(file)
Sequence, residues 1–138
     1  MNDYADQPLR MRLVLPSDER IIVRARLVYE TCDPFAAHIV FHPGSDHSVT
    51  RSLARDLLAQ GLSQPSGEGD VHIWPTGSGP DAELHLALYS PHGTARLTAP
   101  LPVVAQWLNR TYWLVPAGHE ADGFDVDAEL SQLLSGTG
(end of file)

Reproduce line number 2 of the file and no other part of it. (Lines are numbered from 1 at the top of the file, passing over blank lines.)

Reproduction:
     1  MNDYADQPLR MRLVLPSDER IIVRARLVYE TCDPFAAHIV FHPGSDHSVT